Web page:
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know, in the twenty-third novel of Massucio's collection, pub' lished at Naples in 1476.* But Da Porto's narrative — in which the Capelletti and Montecchi first appear; in which Verona is first made the scene, and its civil broils the disastrous element, of the tragedy; in which the lovers are first called Romeo and Giulietta, and have their first meeting at a feast given by Giulietta's father, their second in his garden, and their last in the tomb of her ancestors; and in which Mercutio, Tibaldo, and the Nurse first take part in the action — is justly regarded as the original relation of what the whole world knows as the story of Romeo and Juliet. That narrative corresponds with Shakespeare's play, except as to the catastrophe, in which Da Porto represents Juliet as waking from her trance before the death of Romeo.

But Shakespeare did not go to Da Porto for his story. After his usual manner, he took what lay nearer at hand. The loves of Romeo and Juliet, with their tragic end, as Da Porto had related them, were retold by Matteo Bandello in the ninth novel of the second part of his collection, published in 1554 ; f and Bandello's version was translated into French (with a variation in the catastrophe before alluded to, and of which more hereafter) by Pierre Boisteau, whose translation forms a part of a book known as Belleforest's Histoires Tragiques. Boisteau's French version wras translated into English, and published by "William Paynter as part of the second volume of his Palace of Pleasure^ which appeared in 1567.\ Five years previous to this date, however, the story of Romeo and Juliet had been given to the English public in the form of a poem by Arthur Brooke.§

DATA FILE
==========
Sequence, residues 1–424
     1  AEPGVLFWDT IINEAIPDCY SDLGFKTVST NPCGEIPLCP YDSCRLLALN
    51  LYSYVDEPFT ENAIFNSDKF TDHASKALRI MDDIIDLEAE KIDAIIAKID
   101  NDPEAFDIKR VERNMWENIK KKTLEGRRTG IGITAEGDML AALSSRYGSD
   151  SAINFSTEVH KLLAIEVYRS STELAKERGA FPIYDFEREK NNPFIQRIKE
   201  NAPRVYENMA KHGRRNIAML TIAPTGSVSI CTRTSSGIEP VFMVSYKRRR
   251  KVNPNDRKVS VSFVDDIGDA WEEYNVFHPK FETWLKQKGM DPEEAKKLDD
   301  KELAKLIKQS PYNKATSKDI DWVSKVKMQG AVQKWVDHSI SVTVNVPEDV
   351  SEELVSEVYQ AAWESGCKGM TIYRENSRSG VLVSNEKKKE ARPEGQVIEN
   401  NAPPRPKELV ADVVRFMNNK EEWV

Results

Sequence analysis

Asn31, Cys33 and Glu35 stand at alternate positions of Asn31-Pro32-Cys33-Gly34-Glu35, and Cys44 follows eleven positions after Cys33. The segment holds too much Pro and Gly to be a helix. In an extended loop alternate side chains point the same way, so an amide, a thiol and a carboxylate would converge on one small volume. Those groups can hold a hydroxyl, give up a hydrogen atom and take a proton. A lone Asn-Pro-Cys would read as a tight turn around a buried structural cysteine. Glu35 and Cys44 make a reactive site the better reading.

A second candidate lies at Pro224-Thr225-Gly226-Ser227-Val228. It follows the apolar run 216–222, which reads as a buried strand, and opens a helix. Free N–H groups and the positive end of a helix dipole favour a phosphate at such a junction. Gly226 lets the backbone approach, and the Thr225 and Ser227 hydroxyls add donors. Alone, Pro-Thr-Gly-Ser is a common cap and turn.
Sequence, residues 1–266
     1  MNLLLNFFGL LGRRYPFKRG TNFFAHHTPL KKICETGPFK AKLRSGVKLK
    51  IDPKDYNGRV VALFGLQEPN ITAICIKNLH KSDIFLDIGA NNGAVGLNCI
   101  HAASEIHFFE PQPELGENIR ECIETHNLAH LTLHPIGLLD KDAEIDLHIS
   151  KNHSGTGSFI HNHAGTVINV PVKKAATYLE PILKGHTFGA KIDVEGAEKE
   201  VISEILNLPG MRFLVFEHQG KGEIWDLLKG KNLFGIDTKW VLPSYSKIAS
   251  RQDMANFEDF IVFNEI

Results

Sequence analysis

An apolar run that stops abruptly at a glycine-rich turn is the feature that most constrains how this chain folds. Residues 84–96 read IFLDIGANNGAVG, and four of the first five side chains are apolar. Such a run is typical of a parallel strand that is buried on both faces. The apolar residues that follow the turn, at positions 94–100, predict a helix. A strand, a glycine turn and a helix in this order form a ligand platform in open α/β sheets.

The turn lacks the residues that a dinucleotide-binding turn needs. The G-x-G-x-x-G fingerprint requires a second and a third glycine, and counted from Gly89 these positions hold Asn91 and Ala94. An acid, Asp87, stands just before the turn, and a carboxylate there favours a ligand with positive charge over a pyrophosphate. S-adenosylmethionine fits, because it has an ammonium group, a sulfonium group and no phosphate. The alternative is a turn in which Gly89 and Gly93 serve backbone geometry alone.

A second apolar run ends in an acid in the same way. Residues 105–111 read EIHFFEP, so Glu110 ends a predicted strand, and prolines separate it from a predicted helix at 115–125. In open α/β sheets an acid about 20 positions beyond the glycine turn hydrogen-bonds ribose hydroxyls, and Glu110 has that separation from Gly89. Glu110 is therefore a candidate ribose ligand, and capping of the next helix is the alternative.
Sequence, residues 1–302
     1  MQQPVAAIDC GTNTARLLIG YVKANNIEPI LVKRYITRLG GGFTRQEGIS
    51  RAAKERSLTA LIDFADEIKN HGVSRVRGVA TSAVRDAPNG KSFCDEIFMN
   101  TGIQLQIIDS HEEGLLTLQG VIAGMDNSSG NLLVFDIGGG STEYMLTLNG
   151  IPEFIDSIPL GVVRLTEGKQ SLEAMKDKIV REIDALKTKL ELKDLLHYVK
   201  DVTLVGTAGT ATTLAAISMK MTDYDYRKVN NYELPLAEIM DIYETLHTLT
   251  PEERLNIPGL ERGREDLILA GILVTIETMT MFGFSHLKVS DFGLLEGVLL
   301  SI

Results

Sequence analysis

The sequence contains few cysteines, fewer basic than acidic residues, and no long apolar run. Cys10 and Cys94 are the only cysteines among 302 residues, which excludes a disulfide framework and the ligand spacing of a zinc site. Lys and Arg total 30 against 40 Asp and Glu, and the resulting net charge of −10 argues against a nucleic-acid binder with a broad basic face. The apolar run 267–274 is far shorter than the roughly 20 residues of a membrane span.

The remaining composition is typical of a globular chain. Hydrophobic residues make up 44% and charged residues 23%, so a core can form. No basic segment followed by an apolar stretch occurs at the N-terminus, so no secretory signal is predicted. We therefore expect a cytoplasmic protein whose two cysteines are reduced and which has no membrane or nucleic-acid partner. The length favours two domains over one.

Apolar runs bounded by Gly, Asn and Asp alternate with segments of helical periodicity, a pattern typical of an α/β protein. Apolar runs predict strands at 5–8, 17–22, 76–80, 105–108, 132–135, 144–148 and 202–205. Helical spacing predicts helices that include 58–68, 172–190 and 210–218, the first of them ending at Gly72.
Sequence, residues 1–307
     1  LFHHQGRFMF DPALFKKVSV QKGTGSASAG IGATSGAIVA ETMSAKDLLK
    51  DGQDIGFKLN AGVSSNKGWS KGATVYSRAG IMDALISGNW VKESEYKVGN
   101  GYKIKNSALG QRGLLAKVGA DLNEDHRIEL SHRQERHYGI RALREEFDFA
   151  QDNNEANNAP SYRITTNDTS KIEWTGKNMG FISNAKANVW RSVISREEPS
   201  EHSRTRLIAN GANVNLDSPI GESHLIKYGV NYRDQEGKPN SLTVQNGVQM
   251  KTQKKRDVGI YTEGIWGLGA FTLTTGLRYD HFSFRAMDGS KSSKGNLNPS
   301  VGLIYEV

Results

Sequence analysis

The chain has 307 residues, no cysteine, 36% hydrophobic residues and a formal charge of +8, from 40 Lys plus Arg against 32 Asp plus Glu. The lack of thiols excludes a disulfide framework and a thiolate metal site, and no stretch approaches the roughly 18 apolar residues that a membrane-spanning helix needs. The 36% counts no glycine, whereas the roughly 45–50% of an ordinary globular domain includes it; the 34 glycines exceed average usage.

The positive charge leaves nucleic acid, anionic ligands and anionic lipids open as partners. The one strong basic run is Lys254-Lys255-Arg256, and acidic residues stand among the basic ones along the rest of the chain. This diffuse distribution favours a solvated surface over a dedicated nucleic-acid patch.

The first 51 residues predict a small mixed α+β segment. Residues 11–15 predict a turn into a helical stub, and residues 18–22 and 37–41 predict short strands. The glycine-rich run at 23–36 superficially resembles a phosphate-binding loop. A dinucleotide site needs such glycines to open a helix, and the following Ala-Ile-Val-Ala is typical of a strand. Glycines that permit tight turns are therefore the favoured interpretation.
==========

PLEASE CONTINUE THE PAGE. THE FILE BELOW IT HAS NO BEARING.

* See Dunlop's History of Fiction, Vol. II. p. 93, Philad. ed. I cannot regard Douce's endeavor {Illustrations of Shakespeare, Vol. II. p. 108) to trace this story to the Greek romance of Xenophon of Ephesus as other than an ingenious perversion of recondite learning.

f "La prima (la seconda et la terza) parte de le novelle del Bandello. Lucca, per il Burdrago." 1554. 3 vols. 4to.

$ That Paynter translated the translation of Boisteau I am able to state only on the authority of Steevens' assertion, repeated by Malone and Mr. Collier. For, although Masuccio's, Da Porto's, and Bandello's novels are at my hand, I have not met with a copy of Belleforest's Histoires Tragiques; and I can find co notice of its publication at an earlier date than 1580, under the following title: "Histoires tragiques extraites des oeuvres italiennes de Bandel, et mises en langue franchise; les six lfes par P. Boiastuau surnomme' Launay, et les Buivantes par Fr.de Belleforest. Paris, Jean de Bordeaux. 1580." 7 vols. 16mo. Unless there was an earlier edition either of Belleforest's collection or Boisteau's six Histoires by themselves, (of which I can discover no evidence,) here is a conflict of dates.

£ "The Tragicall Historye of Romeus and Iuliet, written first in Italian by Brooke implies rather than asserts, in the title and in certain passages of his poem, that he made his translation from the Italian of Bandello. But the correspondence between the catastrophe of the story as he tells it and that of Boisteau's version, taken in connection with certain minute verbal resemblances which have been discovered between the two works, supports Malone's opinion that Brooke, like Paynter, translated from the French translation rather than the Italian original.